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On My Newfound Obsession with Die Antwoord


Ninja and Yolandi Visser have been making disturbingly fun music under the name Die Antwoord for over a decade now, but I didn’t come across their material until only recently.

Their unique name is actually Afrikaans for “The Answer”. The question must’ve been something to the extent of how should two individuals in Cape Town go about creating something utterly transcendent on their own terms. 

The answer was to embrace, inhabit, and manifest contemporary counterculture. 


Their unique style is exemplified by the alternating interplay between Ninja’s swagger and Yolandi’s high-pitched rhymes, both spoken with their characteristic accents. Not to mention most of their lyrics are multi-lingual, flowing between both Afrikaans and English. I’ll be the first to admit I don’t speak Afrikaans, but Die Antwoord’s lyrical intentions are apparent to me—to go unapologetically hard. 


In 2009, Die Antwoord released their debut album $O$ for free online and attracted international attention for their music video "Enter the Ninja". After briefly signing with Interscope Records, in 2011 they founded their own label, Zef Recordz, and released their second and third studio albums: Ten$Ion (2012) and Donker Mag ("Dark Power"; 2014). In 2016, they released their fourth album: Mount Ninji and da Nice Time. The fact that they’ve been able to generate their own label and blaze their own path speaks to how objectively well and efficient their sound resonates and sticks with the listener. You can’t believe what you’re hearing, so you want more of it.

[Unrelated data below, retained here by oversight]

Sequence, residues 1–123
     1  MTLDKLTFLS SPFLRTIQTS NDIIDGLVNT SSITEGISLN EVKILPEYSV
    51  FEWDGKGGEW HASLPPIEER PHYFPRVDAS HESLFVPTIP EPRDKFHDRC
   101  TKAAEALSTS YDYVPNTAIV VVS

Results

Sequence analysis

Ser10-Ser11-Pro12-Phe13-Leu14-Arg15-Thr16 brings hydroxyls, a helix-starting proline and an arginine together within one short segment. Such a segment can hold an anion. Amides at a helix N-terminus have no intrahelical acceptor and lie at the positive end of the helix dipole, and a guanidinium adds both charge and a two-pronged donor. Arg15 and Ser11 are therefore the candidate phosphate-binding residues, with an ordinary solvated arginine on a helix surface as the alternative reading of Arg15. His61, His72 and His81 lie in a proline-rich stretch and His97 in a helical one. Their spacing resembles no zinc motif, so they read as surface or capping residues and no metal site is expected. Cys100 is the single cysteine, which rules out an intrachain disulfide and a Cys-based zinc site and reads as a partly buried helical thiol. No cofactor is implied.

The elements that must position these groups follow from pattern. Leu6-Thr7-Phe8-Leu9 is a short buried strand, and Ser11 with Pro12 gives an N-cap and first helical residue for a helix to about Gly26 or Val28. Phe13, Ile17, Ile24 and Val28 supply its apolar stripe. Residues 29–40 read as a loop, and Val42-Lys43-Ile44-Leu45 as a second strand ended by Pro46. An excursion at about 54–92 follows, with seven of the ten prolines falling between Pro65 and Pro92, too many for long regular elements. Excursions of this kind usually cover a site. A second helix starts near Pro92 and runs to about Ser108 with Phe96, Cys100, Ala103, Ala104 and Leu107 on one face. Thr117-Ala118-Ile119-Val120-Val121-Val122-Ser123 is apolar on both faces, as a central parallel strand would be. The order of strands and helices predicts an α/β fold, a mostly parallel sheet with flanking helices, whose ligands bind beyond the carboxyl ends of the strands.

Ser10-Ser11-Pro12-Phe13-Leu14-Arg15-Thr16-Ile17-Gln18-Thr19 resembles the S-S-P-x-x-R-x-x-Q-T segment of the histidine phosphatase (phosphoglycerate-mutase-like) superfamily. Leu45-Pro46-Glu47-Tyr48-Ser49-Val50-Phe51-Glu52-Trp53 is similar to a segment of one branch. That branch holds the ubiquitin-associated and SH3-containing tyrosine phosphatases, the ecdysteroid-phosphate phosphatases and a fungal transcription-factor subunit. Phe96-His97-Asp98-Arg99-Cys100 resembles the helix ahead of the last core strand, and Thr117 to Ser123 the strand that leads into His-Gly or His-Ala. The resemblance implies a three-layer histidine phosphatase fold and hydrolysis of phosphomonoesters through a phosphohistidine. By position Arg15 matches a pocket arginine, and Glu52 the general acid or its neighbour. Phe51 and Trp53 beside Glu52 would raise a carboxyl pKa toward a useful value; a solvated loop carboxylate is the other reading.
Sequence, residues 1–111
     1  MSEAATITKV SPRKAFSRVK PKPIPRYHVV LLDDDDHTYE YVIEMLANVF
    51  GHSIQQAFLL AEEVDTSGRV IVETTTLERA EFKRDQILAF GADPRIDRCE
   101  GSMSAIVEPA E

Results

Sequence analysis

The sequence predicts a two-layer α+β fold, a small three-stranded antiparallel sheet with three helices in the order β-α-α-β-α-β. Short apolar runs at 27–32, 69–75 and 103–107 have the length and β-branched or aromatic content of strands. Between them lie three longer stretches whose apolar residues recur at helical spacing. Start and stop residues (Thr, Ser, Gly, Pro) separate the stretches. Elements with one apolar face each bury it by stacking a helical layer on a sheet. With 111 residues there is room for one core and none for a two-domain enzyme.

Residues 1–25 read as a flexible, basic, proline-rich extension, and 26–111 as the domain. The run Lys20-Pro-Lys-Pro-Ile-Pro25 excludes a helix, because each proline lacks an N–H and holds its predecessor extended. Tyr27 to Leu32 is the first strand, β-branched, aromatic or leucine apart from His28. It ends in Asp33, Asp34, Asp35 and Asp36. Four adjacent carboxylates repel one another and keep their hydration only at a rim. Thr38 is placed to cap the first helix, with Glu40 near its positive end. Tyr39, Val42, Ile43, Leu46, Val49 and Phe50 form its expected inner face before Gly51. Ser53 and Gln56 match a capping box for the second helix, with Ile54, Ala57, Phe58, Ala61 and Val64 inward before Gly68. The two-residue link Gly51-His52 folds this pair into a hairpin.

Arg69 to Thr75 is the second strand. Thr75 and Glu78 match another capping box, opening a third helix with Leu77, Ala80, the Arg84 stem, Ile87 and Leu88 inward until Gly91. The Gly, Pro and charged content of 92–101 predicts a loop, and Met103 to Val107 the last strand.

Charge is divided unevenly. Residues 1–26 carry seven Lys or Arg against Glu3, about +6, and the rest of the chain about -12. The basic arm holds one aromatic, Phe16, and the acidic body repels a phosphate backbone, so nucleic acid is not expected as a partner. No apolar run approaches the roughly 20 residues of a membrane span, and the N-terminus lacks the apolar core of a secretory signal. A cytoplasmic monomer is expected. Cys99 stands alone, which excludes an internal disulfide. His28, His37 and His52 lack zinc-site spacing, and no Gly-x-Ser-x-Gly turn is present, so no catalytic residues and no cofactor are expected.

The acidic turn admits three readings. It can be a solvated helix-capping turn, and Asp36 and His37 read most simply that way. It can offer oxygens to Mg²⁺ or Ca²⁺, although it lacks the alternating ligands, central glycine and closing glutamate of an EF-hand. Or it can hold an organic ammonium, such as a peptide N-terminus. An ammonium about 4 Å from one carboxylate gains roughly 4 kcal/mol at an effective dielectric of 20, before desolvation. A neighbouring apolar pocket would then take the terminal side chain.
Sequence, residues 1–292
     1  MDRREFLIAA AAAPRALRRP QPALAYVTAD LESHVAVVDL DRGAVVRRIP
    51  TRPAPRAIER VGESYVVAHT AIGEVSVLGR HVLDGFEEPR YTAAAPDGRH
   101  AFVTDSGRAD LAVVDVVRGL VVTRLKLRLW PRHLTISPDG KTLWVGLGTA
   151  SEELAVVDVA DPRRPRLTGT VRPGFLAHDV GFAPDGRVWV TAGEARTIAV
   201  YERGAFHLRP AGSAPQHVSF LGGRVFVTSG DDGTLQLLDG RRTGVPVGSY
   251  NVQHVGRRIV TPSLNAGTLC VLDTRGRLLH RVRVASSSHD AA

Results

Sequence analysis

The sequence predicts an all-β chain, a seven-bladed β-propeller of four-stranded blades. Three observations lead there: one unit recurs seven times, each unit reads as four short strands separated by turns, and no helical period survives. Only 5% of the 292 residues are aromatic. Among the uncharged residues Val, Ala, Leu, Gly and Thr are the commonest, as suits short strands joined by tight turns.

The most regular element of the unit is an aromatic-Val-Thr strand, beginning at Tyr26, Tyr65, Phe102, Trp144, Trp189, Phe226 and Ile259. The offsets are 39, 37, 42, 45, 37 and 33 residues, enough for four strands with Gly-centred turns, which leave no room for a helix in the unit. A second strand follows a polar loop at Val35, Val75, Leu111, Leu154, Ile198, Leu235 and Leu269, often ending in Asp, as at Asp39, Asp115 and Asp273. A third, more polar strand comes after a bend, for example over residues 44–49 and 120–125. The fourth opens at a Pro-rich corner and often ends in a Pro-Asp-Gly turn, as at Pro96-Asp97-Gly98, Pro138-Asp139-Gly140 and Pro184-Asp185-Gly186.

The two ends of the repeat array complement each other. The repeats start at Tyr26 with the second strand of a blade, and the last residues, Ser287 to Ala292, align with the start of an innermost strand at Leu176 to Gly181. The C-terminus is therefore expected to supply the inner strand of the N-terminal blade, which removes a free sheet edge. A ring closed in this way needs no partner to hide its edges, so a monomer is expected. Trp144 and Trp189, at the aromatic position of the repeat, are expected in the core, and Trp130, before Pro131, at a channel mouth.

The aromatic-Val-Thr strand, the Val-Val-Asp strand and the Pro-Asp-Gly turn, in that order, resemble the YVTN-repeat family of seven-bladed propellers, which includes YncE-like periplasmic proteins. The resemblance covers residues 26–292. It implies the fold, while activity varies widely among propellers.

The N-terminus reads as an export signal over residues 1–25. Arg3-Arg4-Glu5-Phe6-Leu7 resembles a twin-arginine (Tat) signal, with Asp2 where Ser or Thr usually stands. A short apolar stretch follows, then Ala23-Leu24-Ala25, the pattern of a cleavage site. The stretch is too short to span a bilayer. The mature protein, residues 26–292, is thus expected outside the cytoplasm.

That is how it happened for me anyways. 


Their music was first presented to me as part of the antagonistic anthems in Far Cry New Dawn, of all places. It was utilized by Ubisoft so that the player would feel the tension, the pressure. The idea is that this was the music the post-apocalyptic bad guys dug the most, and you oughta be scared by it—& I was.

 

The two songs featured in the game were 2014’s Cooke Thumper! and 2012’s Fatty Boom Boom. They were the only artists to have 2 featured cuts in the game— likely because it just plain worked. 


There is something that is simultaneously comforting and jarring about their sound. Utterly uncomfortable and off-putting at first. There is rebellion in the fact that their sound is campy without trying to be. The musical themes are something of a dark sexual aggression. 

I recommend this group to fans of Big Grams, $uicideboy$, P.O.S., Lady Gaga, and Major Lazer (or Diplo in general).